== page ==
Did you ever pray for something and then, after receiving what you asked for, wish you hadn’t?
Here’s the story of my prayer and my regret.
The week of Christmas, Tarica had only a few seizures, and in the two weeks following, she did equally well. I rejoiced.
But I also worried.
Next month, she will be admitted to Children’s Hospital for testing to discover if she qualifies for brain surgery. We had chosen to do this because the drugs were not controlling her seizures. But what if we were moving too fast? What if she could eventually gain seizure control through medication? Was her decrease in seizures a sign of growing control, or was it simply the unexplainable ebb and flow we had seen before?
Last week, this weighed on me, and so I prayed about it. Lord, show us if we are doing the right thing for Tari. I’m not exactly asking for a sign, but give us a little direction, please.
No thunder rolled. No Voice spoke. Life went on, and I went on praying daily: Reassure us we are doing the right thing; stop us if we aren’t.
I knew with this prayer I risked an increase in seizures, for that would be the surest confirmation, but we had seen many seizures. What were a few more?
And then I worried that I was, in essence, praying for my daughter to seize. But maybe she wouldn’t. Maybe nothing would happen, and we could reevaluate our decision. But maybe she would seize more frequently, and I would tell myself, I prayed for this. I shuddered at the thought.
The circles I took last week—it was dreadful. At least—I tell myself now—I was pacing those circles around the will of God.
Tuesday, Wednesday, Thursday came and went. No seizures. Friday, Tarica complained her belly hurt.
Soon after, she trotted urgently to the bathroom. A short time later, she yelled, “Mom!”
When I opened the door, she said, “I have diarrhea.”
And she did. Numerous times that day. It was bad.
Other than frequent bathroom breaks and some tears over her achy belly, she was fine. She worked at her preschool book for some time that afternoon. At supper, she consumed a whole hamburger, methodically. I remember looking at her across the table, and she grinned at me as she chewed.
After supper, I was cleaning up the kitchen while the children romped with a big appliance box. They shrieked and giggled and hollered. All the toys they have in the playroom, and they have the most fun with a cardboard box.
The fun subsided to a dull roar, and then I heard a thump. I waited for a wail, and when none came, I froze. A thump followed by silence could mean only one thing. Seconds later, Jenica hollered, “Mom, Tari’s having a seizure!”
She was on the floor by the sofa, Linford beside her. She was seizing…and she seized and seized.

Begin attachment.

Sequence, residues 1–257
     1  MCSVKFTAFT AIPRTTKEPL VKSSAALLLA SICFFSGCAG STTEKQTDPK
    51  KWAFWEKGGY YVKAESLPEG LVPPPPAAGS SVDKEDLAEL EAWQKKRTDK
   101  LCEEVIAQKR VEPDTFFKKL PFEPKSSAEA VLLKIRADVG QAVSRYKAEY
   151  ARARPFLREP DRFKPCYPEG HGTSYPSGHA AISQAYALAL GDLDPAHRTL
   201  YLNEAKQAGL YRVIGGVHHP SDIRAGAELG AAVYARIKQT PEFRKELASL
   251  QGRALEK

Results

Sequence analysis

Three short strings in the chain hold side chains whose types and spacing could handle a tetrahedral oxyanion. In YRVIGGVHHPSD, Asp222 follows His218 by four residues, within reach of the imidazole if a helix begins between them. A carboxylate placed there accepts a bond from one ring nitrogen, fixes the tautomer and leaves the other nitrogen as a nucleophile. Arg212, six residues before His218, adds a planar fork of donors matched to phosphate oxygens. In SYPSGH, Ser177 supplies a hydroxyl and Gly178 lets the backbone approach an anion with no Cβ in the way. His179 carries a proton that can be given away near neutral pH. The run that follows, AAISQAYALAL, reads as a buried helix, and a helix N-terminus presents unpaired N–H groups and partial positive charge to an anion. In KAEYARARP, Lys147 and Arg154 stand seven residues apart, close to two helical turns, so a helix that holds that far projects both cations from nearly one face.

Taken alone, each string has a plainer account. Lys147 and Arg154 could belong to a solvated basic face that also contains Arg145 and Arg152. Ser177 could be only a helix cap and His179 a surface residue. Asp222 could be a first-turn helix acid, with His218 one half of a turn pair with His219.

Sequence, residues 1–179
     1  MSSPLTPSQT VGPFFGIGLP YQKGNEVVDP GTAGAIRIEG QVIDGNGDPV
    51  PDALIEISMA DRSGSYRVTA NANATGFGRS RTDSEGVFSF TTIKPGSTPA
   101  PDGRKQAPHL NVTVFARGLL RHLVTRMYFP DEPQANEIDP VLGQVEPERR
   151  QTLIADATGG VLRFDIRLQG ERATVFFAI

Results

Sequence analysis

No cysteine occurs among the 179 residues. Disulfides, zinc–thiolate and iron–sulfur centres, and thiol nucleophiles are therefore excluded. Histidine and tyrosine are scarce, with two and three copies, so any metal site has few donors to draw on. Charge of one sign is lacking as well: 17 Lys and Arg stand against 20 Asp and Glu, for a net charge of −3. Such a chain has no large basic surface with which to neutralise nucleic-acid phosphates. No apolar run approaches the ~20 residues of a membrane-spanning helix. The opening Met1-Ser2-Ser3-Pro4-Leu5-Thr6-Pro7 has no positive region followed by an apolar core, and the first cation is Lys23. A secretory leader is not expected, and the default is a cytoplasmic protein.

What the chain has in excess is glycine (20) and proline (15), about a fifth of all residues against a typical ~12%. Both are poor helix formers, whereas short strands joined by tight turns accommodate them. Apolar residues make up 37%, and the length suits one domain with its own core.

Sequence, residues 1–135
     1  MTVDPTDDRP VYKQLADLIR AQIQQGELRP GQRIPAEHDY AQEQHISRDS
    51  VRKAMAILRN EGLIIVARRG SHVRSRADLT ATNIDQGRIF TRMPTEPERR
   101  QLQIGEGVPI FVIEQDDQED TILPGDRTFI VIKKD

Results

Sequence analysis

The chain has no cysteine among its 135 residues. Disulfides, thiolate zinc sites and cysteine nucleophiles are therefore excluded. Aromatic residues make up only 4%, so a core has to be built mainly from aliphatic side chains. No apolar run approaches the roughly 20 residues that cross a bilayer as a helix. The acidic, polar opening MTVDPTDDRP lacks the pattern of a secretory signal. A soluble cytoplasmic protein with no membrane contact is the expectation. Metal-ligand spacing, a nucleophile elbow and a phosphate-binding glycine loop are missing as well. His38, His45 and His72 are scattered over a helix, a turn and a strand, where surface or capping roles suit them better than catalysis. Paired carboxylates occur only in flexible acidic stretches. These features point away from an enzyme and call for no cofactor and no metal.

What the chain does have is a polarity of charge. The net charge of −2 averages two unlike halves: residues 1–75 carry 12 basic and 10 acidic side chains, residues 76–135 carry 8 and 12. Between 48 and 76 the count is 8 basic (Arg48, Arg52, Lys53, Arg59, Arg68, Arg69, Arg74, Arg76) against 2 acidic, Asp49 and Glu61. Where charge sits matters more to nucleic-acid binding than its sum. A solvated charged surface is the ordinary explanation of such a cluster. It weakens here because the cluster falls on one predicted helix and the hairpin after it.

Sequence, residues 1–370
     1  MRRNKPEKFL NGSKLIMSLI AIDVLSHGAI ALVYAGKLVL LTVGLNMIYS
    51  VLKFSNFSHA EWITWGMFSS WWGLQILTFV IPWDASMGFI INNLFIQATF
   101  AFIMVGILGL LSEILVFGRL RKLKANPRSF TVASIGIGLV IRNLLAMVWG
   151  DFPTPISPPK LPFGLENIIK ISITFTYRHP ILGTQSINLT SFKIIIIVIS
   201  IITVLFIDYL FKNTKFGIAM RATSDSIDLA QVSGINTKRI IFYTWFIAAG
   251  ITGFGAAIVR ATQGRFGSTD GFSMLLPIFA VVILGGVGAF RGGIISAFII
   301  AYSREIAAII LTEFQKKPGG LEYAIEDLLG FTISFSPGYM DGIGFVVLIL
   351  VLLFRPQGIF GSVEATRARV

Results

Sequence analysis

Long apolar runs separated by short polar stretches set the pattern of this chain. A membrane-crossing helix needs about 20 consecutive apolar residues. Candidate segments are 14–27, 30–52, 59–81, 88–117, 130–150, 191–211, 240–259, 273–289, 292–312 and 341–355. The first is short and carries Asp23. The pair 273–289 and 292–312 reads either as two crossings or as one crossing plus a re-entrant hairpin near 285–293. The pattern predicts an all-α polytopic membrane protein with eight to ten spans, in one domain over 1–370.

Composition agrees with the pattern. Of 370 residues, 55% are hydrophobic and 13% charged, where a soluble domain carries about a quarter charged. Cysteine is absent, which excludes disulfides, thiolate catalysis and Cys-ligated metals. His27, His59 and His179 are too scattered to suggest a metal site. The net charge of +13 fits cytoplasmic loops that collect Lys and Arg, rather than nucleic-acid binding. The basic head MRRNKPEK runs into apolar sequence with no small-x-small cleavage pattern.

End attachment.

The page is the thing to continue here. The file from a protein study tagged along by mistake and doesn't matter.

My mouth went dry. “This is too long. Shall I get the emergency drug?”
“Get it ready,” Linford said. “Maybe we won’t need it.”
I don’t want to tell you the rest. I failed my daughter. I got the bag of drug paraphernalia with shaking hands, and I opened packages—a sterile syringe, a vial, a needle, and other components that suddenly looked as comprehensible as engine parts and pieces to me. Ten months ago, I had been told how to fill the syringe and give it to her as a nasal spray, and now, under pressure, I couldn’t remember the instructions.
A clock ticked in my head. God, please help me do this! Still she seized, body convulsing, eyes staring, mouth drooling.
Five minutes passed. She should have the drug by now, but I was still trying assemble the engine. Six. I tried to give it to her. Nothing happened when I depressed the plunger. Seven. Dear God, please.
“It’s not working,” I said. Wailed. Moaned. “I can’t remember how to do it.” If she were permanently damaged from this, it would be my fault.
Linford said, “Jenica, go get a paper towel.” He put it under her cheek to mop up the drool. When he looked at the pieces that were supposed to rescue our daughter, they were not any clearer to him.
And still she seized. Eight minutes. Nine. Ten? Eleven? I wasn’t watching the clock.
I tried again. Maybe she got a little this time. I tried again and again. But I couldn’t get the syringe to fill properly, and so it wasn’t enough. I prayed incoherently.
Finally, the convulsions stopped. We wiped her face, moved her to the sofa. I knelt beside her and studied her eyes.
“I think she’s still seizing,” I said. “Her eyes aren’t focused. Her body is stiff. And she’s still drooling.” The sofa was growing wet beneath the steady flow from her working mouth. I shone a flashlight into her eyes; her pupils were huge pools of black, and she didn’t even flinch.
“Tarica, squeeze my hand,” I said. No response. Linford smoothed the hair back from her face. She moved nothing but her mouth.
I tried the rescue medication again. No change. She was at the mercy of the haywire electricity in her brain.
Not only had I prayed for this, but I had failed to administer the drug effectively. Oh God oh God oh Father God.
When you serve the Almighty, you should be careful what you pray for.
* * *
I must stop the story for a moment and speak to those who might find themselves in our shoes. Do not do this at home. If your child’s seizure won’t stop, call an ambulance. We live thirty minutes from the hospital, the roads were snowy, and we thought we had a drug that would stop it. It didn’t work out like it should have, but let this mistake be ours alone and not yours.
* * *
I hate to leave you hanging, but this post is long enough. I will be back in a day or two with the rest of the story.